After Henry sustains his injuries, Catherine is there to take care of him. Before long, their flirtations turn to true feelings for one another. The love that began as a diversion for the both of them, becomes something powerful that helps to keep them going. Their bond helps provides both of them as a means of escaping the harsh realities that surround them. Catherine is a compelling character in the story. From the beginning, the reader is made to believe that she is to some extent, insane. When she divulges the loss of her fianc´┐Ż, we then can understand her behavior is associated with her grief. Catherine uses her physical attributes to seduce men as her coping mechanism. Like Henry, she originally views the relationship as a flirtatious diversion, but quickly comes to view it as a powerful force in her life. The love that they share eventually allows them to move forward. At some point, however, instead of being a comforting force, it also becomes something that they need to find a distraction from. Henry tries to keep his mind off of Catherine when he is in the process of running away. I could remember Catherine but I knew I would get crazy if I though about her when I was not sure yet I would see her, so I would not think about her, only about her a little. ...read more.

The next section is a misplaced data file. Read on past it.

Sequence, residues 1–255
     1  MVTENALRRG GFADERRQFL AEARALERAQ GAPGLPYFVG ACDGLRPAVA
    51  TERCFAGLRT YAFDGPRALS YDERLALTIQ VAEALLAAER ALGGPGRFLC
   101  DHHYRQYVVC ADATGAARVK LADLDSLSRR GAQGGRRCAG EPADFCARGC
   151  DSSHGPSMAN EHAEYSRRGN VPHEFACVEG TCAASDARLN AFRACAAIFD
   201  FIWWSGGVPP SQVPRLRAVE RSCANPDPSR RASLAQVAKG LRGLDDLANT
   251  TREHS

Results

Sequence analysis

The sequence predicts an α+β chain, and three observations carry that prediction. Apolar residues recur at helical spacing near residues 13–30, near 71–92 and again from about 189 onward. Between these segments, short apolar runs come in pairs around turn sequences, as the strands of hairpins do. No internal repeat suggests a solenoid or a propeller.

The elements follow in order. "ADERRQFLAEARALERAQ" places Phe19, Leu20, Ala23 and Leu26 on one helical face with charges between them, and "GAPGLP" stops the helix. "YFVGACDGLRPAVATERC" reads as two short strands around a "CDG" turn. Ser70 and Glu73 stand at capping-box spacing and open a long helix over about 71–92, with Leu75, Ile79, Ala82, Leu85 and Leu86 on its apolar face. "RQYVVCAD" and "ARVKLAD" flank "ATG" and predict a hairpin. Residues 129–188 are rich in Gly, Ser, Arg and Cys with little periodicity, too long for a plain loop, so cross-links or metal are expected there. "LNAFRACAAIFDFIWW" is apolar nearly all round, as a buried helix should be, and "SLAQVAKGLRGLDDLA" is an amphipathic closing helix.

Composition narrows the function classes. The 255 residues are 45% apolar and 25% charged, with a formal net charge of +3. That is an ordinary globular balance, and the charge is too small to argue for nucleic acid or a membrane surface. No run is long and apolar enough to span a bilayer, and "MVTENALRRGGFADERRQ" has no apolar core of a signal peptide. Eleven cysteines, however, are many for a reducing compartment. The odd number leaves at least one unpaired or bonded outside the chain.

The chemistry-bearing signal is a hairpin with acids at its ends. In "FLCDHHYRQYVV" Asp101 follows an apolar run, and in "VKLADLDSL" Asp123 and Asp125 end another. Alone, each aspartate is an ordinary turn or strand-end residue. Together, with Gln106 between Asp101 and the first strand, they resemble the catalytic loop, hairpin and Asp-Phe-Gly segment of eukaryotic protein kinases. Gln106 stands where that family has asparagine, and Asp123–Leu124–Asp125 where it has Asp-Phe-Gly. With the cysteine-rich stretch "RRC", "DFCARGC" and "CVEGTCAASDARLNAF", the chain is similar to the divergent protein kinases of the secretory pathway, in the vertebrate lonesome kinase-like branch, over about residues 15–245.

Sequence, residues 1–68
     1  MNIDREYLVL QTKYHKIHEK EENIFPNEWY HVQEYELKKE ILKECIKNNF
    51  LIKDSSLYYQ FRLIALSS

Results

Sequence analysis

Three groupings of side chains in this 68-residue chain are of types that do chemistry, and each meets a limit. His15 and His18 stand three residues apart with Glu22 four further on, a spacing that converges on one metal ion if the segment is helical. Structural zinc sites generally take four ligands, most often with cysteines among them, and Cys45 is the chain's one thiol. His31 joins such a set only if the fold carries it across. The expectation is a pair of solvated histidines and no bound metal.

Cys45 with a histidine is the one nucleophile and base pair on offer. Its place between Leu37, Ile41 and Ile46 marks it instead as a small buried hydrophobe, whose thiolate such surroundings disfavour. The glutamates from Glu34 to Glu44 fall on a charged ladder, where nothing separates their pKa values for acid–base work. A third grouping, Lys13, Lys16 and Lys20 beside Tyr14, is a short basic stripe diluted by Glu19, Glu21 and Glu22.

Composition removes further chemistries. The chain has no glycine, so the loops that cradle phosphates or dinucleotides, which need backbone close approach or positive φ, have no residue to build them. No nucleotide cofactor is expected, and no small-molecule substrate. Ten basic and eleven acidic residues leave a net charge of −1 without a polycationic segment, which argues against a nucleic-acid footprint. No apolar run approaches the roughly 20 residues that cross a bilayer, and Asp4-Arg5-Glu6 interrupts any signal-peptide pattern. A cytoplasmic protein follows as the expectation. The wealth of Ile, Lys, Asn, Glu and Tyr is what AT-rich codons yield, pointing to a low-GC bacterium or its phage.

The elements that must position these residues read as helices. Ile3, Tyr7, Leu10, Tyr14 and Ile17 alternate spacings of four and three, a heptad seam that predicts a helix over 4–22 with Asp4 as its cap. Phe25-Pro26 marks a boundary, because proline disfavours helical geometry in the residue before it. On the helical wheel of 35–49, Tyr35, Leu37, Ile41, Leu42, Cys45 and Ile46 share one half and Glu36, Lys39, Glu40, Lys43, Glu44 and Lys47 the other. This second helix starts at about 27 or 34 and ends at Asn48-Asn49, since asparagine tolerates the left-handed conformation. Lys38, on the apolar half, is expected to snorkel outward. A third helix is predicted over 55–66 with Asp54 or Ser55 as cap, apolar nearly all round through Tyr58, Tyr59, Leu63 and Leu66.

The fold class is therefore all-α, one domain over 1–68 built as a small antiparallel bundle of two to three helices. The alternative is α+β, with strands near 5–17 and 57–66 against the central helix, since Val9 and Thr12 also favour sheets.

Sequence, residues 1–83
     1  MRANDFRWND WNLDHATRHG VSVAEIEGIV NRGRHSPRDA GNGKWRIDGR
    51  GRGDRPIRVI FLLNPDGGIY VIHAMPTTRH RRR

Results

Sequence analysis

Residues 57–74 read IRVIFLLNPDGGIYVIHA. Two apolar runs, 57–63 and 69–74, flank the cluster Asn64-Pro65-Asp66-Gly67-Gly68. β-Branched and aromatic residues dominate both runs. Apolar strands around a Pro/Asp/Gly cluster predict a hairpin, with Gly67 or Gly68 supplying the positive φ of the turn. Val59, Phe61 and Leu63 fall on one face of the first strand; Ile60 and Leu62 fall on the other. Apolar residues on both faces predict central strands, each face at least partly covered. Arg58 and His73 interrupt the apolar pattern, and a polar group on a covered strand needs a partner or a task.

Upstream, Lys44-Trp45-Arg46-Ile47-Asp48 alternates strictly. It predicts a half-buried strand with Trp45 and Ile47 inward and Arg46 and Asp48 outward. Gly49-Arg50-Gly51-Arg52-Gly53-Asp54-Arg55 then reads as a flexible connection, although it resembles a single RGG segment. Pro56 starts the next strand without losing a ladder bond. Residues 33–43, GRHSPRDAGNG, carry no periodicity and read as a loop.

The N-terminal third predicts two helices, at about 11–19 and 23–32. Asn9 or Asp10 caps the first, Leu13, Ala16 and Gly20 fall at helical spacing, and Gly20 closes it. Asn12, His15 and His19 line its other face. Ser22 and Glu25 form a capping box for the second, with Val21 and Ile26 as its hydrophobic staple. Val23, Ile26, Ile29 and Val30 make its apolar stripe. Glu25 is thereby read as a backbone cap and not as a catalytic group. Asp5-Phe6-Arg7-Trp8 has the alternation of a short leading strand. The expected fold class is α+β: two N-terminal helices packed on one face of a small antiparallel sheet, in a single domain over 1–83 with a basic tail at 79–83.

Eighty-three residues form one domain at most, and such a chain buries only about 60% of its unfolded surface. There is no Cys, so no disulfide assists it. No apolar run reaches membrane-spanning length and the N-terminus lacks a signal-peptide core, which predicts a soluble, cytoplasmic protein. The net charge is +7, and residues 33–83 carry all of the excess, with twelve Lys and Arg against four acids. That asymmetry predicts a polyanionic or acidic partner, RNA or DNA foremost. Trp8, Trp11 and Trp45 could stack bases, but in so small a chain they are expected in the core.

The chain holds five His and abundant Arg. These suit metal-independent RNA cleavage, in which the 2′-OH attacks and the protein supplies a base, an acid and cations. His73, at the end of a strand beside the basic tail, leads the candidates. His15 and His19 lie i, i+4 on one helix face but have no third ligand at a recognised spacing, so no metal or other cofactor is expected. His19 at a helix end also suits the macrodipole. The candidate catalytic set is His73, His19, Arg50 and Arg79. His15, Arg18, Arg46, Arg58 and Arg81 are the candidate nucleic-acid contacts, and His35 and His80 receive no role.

It is always there, just not as a foremost reality. The idea is both love and war lead to sadness from which there is no escape. Actions and words that lead to some relief are only temporary. In the end, none of it really matters. Catherine says it best when she says "it's just a dirty trick" (Hemingway 296). The most tragic part of the story is that when Catherine and Henry finally escaped the war to live a life they had dreamed of in Switzerland, Catherine and the baby die in childbirth. In the end, Henry realizes that everything falls short. No one comes away in the end with any time of new knowledge or control, we only come away broken and lost. He tried to alleviate Catherine's labor pains by increasing the gas higher and higher, but the end result was still the same, she died. It is evident throughout the novel that he to tries to "turn up the gas" on his own life when things became too much to bear, but eventually he too ended up alone in the rain. The need for escape is evident with all of the characters in the book, but they all end up "dead" in some way. Rinaldi and Catherine actually die physically and Henry and the Priest die emotionally. The final result is that no matter how much you try to escape, ignore, and relieve pain, there is no actual escape. Life is cruel and we all must face its harsh realities. This story seemed to mirror Hemingway's own disillusionment with life. ...read more.